The Society is managed by its Board of Trustees. Who are they, and how are they elected?
Trustees are elected by the members of the Society at the Annual General Meeting (AGM) normally for a term of office of 3 years. Trustees are automatically eligible for re-election for one further consecutive term and are eligible for re-election for further consecutive terms of office if the Board of Trustees approves their candidature. The Board of Trustees has the power to co-opt members during the year but these members must stand for re-election at the next AGM.
If you are interested in becoming a trustee please email [email protected] to arrange an informal chat with our chair.
To stand for election at an AGM, you will need a proposer and seconder, who are members of the Society, a paragraph setting out why you should be elected and a signed statement indicating your willingness to serve.
The trustees are also the directors of the charity for the purposes of the Companies Act.
Patron HRH The Duke of Gloucester KG, GCVO
President Griff Rhys Jones
Sir David Cannadine FBA FRSL FRHistS
Lord Howarth of Newport CBE PC
Sir Simon Jenkins FRSL
Professor Hilary Grainger, Chair
Kate Davey, Legal
Kate has been at the Bar for twenty-five years and practises from 2 Pump Court in the Temple. She read history and law at Christ's College, Cambridge and was recently awarded an MA in Gothic architecture at the Courtauld Institute of Art. She is particularly interested in church architecture and Victorian Gothic.
Lynn Pearcy, Finance
Prior to retirement in 2015 Lynn was with a major professional services firm for over 30 years, latterly as an audit partner advising on financial reporting. She has a particular interest in the Arts and Crafts movement.
Dr David Low, Non-executive
David is a retired Consultant Paediatrician. In 1971,he joined the Victorian Society whilst studied History of Art and Architecture at Cambridge and writing a thesis on the churches of Norman Shaw. He has been Chair of the Birmingham and West Midlands group, continues as a member of their Casework committee and helped to organise four National AGMs held in the Midlands. He is a Trustee of the Mary Heath Trust Fund which funds our Regional Case worker. He has taken a particular interest in the implementation of the Society’s new digital technology.
Steve Roman, Membership
A retired local authority manager, active in the Victorian Society's Manchester Group, he organised the 2013 AGM ‘By Lancashire’s Thread hangs England’s bread’ in Manchester, Rochdale and East Lancs. He organizes the photographic exhibition ‘Saving a Century’ which tours libraries and venues around the country. Linking his Manchester cultural identity and his lay interests in history, politics and architecture, he helped create the Manchester Peace and Social Justice Trail, leading groups around this city centre trail.
Ken Moth, Casework Trustee and Deputy Chair
An accredited conservation architect who retired in 2010 after some 40 years in practice. He joined the Victorian Society in 1973 at a time of fierce campaigning in his home city of Manchester, and has remained an active member ever since. He is a keen amateur historian with a long-standing interest in the history of technology.
Henry has been a solicitor for 25 years, working with clients in the not-for-profit, culture, media and sport sectors. His history degree in the 1980s fostered an abiding interest in historic buildings. He has been an active supporter of Victorian Society talks, tours and other events for the past ten years, and has a particular interest in the social and historical context of Victorian buildings. He is currently organising a Victorian Society tour of South Wales. He lives in west London with his wife Sophie (a long-standing and active volunteer member of the Society) and two teenaged children. Any spare time is spent visiting towns and countryside in England and France with a box of guide books.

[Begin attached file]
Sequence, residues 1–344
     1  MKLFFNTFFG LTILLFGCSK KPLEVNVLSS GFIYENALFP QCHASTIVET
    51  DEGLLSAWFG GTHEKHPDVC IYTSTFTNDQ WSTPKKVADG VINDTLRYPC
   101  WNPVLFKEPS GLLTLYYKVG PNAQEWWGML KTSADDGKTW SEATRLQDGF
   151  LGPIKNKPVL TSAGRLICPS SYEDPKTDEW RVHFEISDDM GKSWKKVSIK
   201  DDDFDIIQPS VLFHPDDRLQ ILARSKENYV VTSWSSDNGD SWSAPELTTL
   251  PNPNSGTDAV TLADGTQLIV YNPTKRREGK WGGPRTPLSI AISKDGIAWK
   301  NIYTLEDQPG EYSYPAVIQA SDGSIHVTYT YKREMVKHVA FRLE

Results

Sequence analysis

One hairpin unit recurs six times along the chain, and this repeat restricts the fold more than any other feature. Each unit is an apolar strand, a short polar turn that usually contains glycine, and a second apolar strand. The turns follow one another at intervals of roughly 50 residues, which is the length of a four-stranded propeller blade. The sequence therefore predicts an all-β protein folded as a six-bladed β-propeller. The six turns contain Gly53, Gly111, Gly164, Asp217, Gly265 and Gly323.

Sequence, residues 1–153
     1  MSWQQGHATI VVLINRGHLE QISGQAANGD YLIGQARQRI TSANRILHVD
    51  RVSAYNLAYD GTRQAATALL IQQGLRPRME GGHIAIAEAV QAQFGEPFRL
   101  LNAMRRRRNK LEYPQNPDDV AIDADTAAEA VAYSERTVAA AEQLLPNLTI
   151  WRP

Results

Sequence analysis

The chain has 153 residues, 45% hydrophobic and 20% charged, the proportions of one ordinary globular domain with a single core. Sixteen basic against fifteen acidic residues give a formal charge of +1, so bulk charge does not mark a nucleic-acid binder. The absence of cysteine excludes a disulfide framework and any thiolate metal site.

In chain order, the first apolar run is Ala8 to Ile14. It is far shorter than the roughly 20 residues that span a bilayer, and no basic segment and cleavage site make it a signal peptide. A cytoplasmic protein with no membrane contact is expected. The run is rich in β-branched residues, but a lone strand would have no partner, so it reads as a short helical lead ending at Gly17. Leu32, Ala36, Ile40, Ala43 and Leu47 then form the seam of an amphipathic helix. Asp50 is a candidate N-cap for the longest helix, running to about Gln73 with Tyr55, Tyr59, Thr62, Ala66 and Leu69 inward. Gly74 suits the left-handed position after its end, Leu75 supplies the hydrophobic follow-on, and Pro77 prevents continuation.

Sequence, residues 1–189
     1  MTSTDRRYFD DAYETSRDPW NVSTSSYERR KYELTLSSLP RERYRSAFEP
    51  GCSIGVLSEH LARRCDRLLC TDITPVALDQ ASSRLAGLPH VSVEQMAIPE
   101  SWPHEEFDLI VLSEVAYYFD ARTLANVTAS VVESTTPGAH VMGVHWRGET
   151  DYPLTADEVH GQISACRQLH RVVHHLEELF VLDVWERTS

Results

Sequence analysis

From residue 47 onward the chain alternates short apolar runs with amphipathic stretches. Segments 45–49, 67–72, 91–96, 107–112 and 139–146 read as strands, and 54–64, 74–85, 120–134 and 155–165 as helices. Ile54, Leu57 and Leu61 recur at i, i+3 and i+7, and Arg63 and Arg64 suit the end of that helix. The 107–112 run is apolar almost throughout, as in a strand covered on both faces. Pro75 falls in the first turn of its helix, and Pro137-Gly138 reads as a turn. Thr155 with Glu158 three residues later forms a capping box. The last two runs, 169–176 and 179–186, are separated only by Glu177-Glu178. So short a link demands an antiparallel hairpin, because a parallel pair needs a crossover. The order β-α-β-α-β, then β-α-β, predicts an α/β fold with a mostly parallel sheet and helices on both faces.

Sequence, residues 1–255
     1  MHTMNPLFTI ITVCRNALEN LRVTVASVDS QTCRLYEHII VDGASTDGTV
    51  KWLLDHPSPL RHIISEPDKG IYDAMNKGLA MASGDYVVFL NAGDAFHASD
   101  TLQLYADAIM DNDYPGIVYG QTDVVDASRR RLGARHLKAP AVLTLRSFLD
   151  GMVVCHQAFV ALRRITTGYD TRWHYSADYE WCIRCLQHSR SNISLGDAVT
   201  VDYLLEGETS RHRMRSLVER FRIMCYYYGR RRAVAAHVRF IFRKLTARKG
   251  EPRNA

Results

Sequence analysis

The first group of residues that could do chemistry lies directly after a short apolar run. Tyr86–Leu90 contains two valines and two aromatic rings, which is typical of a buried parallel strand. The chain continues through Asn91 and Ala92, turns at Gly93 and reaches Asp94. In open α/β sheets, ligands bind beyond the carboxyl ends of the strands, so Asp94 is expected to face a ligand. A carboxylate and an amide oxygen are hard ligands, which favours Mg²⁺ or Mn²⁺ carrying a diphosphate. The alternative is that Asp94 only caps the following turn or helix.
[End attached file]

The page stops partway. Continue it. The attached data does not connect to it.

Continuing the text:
In 1991 Kit became the Victorian Society’s first Education Officer, working on campaigns for the restoration of the Albert Memorial and to encourage the conservation of ‘ordinary’ Victorian and Edwardian houses. She has written and edited many books and articles on nineteenth-century buildings, and is the author of The Victorian Society Book of the Victorian House. After three decades of working for various statutory bodies and in commercial planning consultancies, she founded the historic environment consultancy Spurstone Heritage Ltd in 2017.
Alan Davies is a practising architect specialising in the conservation and adaptive re-use of historic buildings and the regeneration of historic environments. He is an architect director and heritage lead for a leading international practice of architects, engineers and designers. In that capacity, he has been involved in conserving and adapting a range of historic building types; and has prepared proposals for regenerating areas of historic towns and cities across the UK and abroad.
Alan’s interest in Victorian architecture and town planning was sparked as a student of architecture in Cardiff and has been sustained by being based for much of his career in Manchester – both cities owing their character to nineteenth century development, planning and architecture. Alan has a post-graduate qualification in town planning and is an RIBA registered conservation architect. Alan maintains a strong interest in the historic culture and architecture of his native Wales.
Alan has been a member of the Northern Buildings Committee - which comments on planning applications referred to the Society by planning authorities across the North and Wales - since 2008.